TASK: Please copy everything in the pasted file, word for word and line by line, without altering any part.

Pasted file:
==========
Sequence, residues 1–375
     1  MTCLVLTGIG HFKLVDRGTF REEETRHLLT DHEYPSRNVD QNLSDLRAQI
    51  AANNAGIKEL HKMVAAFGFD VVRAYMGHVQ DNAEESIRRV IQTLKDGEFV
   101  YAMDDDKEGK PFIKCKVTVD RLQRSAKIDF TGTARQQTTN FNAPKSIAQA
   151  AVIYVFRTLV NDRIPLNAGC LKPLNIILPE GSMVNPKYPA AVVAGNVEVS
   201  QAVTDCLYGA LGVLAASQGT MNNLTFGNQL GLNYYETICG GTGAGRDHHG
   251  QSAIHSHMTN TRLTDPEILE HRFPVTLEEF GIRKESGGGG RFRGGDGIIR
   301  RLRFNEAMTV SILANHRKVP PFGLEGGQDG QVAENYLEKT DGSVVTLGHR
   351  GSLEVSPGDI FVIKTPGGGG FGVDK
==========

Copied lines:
Sequence, residues 1–375
     1  MTCLVLTGIG HFKLVDRGTF REEETRHLLT DHEYPSRNVD QNLSDLRAQI
    51  AANNAGIKEL HKMVAAFGFD VVRAYMGHVQ DNAEESIRRV IQTLKDGEFV
   101  YAMDDDKEGK PFIKCKVTVD RLQRSAKIDF TGTARQQTTN FNAPKSIAQA
   151  AVIYVFRTLV NDRIPLNAGC LKPLNIILPE GSMVNPKYPA AVVAGNVEVS
   201  QAVTDCLYGA LGVLAASQGT MNNLTFGNQL GLNYYETICG GTGAGRDHHG
   251  QSAIHSHMTN TRLTDPEILE HRFPVTLEEF GIRKESGGGG RFRGGDGIIR
   301  RLRFNEAMTV SILANHRKVP PFGLEGGQDG QVAENYLEKT DGSVVTLGHR
   351  GSLEVSPGDI FVIKTPGGGG FGVDK